Succeeding in business is an iterative process and sometimes the most useful lessons emerge from failure.
There’s no real substitute for experience — but there are several formal and informal ways to learn painlessly from those who’ve blazed a trail before you.
So if you’re hitting the business books, here are three ways to educate yourself for entrepreneurship.
1. Recognise games.
Developing a decent understanding of interpersonal psychology can protect you from negative emotions and cut to the chase in communication — attributes that save time and stave off stress.
So read “Games People Play” by Eric Berne as an introduction to Transactional Analysis — the psychological theory that proposes relationship difficulties at work and elsewhere are caused by the interplay between child, parent and adult ego states established early in life.
We unconsciously trigger these ego states in everyday transactions and inhabit them repeatedly in ‘games’ that prevent us being fully present and communicating in an open and effective manner.
Once you recognise games like ‘kick me’ and ‘I’m only trying to help you’, it’s possible to avoid being drawn into them by consciously shifting your ego state or withdrawing from a conversation until a new dynamic is established.
2. Study the classics.
You don’t need to don a toga at your next business meeting to seem sagacious.
But you can dip into the life lessons of ancient Greek philosophers to help you find professional and personal fulfilment.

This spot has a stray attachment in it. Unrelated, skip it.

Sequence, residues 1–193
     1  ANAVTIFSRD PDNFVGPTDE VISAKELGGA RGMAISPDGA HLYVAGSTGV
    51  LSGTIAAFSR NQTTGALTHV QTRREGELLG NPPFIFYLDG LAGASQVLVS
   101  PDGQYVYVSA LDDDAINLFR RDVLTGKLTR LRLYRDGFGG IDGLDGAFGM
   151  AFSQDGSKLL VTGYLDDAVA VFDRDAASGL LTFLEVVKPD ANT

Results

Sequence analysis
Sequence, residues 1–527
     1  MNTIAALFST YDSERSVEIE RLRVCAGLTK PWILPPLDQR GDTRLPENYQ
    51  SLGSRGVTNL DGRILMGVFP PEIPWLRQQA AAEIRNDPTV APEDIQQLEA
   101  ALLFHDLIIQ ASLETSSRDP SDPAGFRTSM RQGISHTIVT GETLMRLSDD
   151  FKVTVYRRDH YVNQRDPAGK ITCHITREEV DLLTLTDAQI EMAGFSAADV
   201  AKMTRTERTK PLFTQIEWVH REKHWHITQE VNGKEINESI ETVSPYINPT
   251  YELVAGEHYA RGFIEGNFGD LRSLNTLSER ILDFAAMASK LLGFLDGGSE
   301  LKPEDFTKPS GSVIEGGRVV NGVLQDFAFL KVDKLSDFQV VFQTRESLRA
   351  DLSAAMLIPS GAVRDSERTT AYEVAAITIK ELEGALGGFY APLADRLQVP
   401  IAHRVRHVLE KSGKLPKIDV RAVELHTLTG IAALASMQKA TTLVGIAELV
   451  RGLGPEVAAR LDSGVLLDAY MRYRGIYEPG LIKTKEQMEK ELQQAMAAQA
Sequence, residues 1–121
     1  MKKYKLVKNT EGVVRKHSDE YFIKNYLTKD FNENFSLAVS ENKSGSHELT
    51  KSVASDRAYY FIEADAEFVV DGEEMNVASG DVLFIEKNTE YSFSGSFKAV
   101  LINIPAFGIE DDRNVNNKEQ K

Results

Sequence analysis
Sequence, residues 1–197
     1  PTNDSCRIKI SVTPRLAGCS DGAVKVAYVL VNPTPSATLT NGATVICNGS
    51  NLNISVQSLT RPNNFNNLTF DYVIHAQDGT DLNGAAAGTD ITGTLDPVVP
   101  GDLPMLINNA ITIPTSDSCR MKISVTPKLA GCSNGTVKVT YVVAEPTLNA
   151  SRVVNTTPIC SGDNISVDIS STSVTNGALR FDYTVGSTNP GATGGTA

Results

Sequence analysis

So Aristotle can teach us that employees perform better if they believe their work has meaning and is morally sound — while Plutarch provides reminders that it’s crucial to role-model the positive values-based behaviours you expect from staff.
And you could even embrace an Epicurean culture where the main aim of your operation is making internal and external customers happy.
But if you want something punchier, follow Bruce Lee to ‘be like water’ and distinguish between the obstacles it’s better to flow around and those you should crash through.
3. Study for an MBA.
If you prefer the structure and discipline of formal learning but don’t have the time to dedicate to a campus-based course, study a distance learning MBA focused on enterprise.
Online courses can be completed in around two years and their flexible nature means it’s simple to study when and where it’s most convenient for you.
So while you’re gradually migrating from salaried work to self-employment, you’ll be absorbing the latest knowledge on topics like strategic leadership, organisational behaviour and change management.
Recent academic credentials can also help you establish trust and credibility in a new sector — they’re proof positive that you’re dedicated to your new direction rather than merely dipping your toes in the water.
So here are three ways to educate yourself for entrepreneurship — pick the one that strikes a chord and capitalise on the opportunity it offers.
What’s helped you learn most as an entrepreneur? Share your thoughts in the comments section.